*NEWS*CAN OFFICEMAX SAVE THE CHAIN ?
*NEWS*CAN OFFICEMAX SAVE THE CHAIN ?
2005-12-08 at 10:59:00 am #13580
Can OfficeMax’s New Prototype Design Save the Chain?
December , 2005
what may be the beginning of a miraculous turnaround, or the last gasp
of a struggling retailer, OfficeMax introduced a new store design, the
OfficeMax Advantage, which melds Starbucks and Whole Foods. The
retailer is counting on free gourmet coffee, WiFi access, and bulk bins
to generate excitement and pull the office products superstore back
into the black. The first prototype opened in Macedonia, Ohio. New
stores, using this format, will open across the country, and elements
of this design will be incorporated into existing stores.
describing the new prototype store, senior management is using all the
right words: engaging environment, solution selling, customer-centric
approach, fun, resource (rather than warehouse), and boutique feel.
Below is a photo of the central technology hub in the new store, which
is attractive, but not much different than displays at Office Depot and
Staples. The peg board and metal shelves with gray carpeting could be
in any store. This printer department in the foreground doesn’t appear
any more engaging or fun than competitors’ planograms.
technology hub is designed to allow customers to try out the
electronics. To compete and win in a very crowded retail landscape that
includes not only the other two office superstores but giants such as
Best Buy and Wal-Mart, Office Depot will need to create a superior
customer experience. The merchandising layout must go a step beyond
engaging and be able to demonstrate a compelling electronics solution
for shoppers. The retailer will need to ensure the display models are
fully functional at all times. Are the batteries charged and memory
cards available for shoppers to take digital photos? Can the cameras be
connected to printers to show the ease of photo printing? Can shoppers
try out the laptops on display? Do all the printers have ink and paper
available to create print samples? This type of in-store execution, on
top of trained salespeople, will help OfficeMax stand out from the
crowd. All retailers aspire to this level of customer service, but none
are totally successful on the sales floor. OfficeMax must go above and
beyond what is offered at other retailers to draw and keep customers.
OfficeMax café offers free individually brewed cups of coffee and WiFi
connections, but the area doesn’t look much more inviting than a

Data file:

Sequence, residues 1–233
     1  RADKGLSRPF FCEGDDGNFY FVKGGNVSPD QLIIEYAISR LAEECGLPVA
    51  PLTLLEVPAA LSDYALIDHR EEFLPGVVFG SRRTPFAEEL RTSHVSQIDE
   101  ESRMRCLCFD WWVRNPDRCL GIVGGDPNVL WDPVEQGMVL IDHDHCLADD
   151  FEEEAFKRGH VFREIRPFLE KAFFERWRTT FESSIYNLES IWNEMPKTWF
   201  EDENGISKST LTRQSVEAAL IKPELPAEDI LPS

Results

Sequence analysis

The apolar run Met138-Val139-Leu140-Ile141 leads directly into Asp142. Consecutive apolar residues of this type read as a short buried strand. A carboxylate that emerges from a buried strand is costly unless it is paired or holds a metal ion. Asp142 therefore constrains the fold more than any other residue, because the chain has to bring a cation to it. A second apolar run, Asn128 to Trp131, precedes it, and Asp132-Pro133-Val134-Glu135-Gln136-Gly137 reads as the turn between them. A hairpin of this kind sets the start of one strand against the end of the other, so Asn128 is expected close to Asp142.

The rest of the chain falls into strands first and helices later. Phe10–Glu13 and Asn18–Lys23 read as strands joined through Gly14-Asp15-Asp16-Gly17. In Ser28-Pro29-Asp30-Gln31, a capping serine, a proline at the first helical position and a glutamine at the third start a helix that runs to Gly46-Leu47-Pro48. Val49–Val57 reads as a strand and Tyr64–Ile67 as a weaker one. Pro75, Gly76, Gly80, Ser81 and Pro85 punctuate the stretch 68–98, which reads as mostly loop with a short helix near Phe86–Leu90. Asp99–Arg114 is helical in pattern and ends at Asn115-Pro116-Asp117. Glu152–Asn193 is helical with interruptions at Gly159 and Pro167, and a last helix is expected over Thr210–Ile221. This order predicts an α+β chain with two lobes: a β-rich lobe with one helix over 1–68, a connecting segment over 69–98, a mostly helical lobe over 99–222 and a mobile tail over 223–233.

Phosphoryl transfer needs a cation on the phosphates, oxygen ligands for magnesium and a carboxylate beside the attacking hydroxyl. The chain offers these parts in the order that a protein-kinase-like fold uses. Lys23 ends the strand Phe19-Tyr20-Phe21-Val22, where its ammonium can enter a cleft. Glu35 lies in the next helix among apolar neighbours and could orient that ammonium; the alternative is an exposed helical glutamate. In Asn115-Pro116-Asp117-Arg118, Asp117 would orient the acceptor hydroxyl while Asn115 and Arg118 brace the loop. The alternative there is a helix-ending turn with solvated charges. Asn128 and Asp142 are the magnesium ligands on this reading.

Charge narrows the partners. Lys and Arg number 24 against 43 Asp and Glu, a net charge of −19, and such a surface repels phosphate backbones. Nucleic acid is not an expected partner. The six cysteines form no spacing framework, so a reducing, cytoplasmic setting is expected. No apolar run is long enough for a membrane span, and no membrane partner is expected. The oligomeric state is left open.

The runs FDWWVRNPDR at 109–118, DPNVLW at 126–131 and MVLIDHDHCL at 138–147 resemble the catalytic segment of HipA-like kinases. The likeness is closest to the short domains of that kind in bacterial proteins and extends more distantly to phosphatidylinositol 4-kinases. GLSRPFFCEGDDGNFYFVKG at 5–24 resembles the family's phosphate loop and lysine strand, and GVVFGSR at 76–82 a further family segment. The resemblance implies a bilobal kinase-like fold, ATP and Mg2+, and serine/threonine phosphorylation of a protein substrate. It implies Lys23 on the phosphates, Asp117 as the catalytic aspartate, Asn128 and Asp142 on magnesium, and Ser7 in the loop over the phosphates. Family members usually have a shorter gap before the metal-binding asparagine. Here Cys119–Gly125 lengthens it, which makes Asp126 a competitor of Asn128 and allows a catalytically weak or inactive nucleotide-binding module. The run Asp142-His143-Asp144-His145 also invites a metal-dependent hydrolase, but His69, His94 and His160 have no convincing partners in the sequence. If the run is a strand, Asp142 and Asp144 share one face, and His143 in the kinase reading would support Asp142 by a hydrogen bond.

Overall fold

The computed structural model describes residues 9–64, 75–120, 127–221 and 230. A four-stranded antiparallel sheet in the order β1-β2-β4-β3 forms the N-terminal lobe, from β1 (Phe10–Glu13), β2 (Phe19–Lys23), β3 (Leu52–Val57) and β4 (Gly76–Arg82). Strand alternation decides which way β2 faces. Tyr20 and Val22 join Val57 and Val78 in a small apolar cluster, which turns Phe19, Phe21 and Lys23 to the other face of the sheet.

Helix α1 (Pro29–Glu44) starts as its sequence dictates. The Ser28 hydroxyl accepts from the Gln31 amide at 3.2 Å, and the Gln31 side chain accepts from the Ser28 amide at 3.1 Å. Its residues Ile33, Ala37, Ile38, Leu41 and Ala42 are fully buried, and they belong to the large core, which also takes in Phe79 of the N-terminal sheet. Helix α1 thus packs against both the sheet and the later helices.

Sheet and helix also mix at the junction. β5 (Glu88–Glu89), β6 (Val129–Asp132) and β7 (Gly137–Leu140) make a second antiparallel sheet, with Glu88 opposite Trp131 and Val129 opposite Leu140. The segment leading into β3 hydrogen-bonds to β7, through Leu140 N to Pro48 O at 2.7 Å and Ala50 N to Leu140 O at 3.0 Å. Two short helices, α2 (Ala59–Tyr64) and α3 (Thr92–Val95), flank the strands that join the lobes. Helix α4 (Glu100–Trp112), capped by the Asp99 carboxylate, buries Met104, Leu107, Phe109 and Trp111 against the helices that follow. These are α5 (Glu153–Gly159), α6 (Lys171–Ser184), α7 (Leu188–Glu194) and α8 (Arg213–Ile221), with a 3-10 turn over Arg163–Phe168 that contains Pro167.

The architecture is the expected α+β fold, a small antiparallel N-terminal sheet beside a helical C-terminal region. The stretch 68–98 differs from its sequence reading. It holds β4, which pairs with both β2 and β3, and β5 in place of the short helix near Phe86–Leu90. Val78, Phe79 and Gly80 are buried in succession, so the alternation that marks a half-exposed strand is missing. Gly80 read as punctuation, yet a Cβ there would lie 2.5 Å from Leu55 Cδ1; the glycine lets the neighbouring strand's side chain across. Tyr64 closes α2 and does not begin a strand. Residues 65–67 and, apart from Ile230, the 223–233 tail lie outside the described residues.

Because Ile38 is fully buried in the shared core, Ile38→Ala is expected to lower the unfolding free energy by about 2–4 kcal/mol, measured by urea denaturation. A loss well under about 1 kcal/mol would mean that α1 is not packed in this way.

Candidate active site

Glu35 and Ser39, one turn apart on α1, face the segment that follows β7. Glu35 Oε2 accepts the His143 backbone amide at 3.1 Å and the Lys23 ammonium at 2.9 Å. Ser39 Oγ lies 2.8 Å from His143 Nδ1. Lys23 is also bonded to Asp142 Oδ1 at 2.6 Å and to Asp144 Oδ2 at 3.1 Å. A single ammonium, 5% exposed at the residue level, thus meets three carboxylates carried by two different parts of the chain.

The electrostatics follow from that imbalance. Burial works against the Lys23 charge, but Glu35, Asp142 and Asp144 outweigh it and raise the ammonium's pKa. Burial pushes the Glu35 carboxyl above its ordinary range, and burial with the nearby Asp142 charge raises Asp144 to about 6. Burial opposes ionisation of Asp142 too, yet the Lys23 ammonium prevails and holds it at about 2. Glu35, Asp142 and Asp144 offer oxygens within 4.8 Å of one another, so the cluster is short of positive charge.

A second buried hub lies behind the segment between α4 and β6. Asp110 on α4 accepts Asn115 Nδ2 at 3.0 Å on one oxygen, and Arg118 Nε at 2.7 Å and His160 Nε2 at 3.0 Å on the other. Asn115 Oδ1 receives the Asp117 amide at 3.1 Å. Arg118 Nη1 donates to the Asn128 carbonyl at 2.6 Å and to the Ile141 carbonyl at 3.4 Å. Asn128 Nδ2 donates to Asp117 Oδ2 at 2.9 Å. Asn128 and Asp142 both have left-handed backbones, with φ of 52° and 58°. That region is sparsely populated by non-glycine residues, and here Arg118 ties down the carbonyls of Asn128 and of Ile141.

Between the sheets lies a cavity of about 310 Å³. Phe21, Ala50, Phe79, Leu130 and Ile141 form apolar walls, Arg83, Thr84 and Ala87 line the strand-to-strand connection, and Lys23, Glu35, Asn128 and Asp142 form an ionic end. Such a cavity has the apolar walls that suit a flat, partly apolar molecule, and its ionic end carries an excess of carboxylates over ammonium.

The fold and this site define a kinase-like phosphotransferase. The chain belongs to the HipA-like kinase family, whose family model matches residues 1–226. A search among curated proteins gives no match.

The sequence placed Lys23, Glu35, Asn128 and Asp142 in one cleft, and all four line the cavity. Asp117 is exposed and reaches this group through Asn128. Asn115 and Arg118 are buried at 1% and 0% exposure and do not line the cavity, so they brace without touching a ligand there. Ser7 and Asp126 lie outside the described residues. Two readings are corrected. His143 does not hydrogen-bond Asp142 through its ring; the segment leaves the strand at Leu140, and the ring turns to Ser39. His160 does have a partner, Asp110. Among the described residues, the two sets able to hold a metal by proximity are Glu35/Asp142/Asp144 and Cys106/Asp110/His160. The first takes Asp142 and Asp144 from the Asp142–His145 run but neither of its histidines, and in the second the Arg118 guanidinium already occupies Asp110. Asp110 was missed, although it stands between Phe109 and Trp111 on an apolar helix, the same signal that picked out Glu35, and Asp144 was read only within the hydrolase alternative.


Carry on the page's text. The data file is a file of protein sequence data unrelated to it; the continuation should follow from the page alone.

doctor’s waiting room. With some work, this area of the store could
become a jewel, drawing business customers with networking seminars,
digital imaging classes, brochure design tutorials, and events that
support SOHO users. More comfortable seating would further encourage
shoppers to take advantage of the area.
Bulk bins score high on the
scale in terms of cuteness and fun, but the selection of bulk office
products is very limited. Customers can fill their pre-priced boxes
with a mix of paper clips, glue sticks, pens, rubber bands, notepads,
and erasers. The design would lend itself well to a variety of product
choices, particularly OfficeMax-brand photo papers. The retailer could
sell them by the sheet, pricing the mid-grade 4”x6” paper at $0.10 and
the 8×5”x11” sheet at $0.20. It would be great to let customers mix and
match satin and glossy finishes. The piecemeal system would
differentiate OfficeMax from its competitors and alleviate the need to
stock half a dozen packs with different sheet counts in each finish.
area of the store that could draw traffic is the OfficeMax Ink, Filling
Station. The ink cartridge refill station reduces the price of a
cartridge of ink by 30% to 50% and is much cleaner than at-home
refilling options. The in-store kiosk assesses the cartridge to be
refilled, injects the appropriate ink, then runs a print test. The
service is certainly a differentiator for OfficeMax.
The new design
is a step in the right direction, but it is not far enough outside the
box to compete with the dominant two office product superstores. Some
good ideas, such as the café and bulk bins, need to be taken to the
next level, beyond metal chairs, paper clips, and pens. OfficeMax
should bring in comfortable chairs, furnish a larger work table,
sponsor workshops, and provide more items in the bulk bins. Further,
the technology hub needs to showcase working solutions.
of a prototype store that succeeds in being different is RadioShack’s
StoreOne. Its products are showcased as working solutions in a
home-like environment that allows customers to visualize the technology
in an everyday setting. StoreOne is engaging and fun, although it is
not intended to be duplicated in its entirety in standard retail
I applaud OfficeMax for rethinking the office products
superstore concept, but it should go all the way and commit to being
different throughout the store. Ditch the pegboard and gray metal
shelves and utilize the boutique look RadioShack showcased in its
StoreOne. OfficeMax doesn’t have much to lose, so it should take more
chances with its redesign. If it reinvents the office products shopping
experience, it may generate enough excitement to stay alive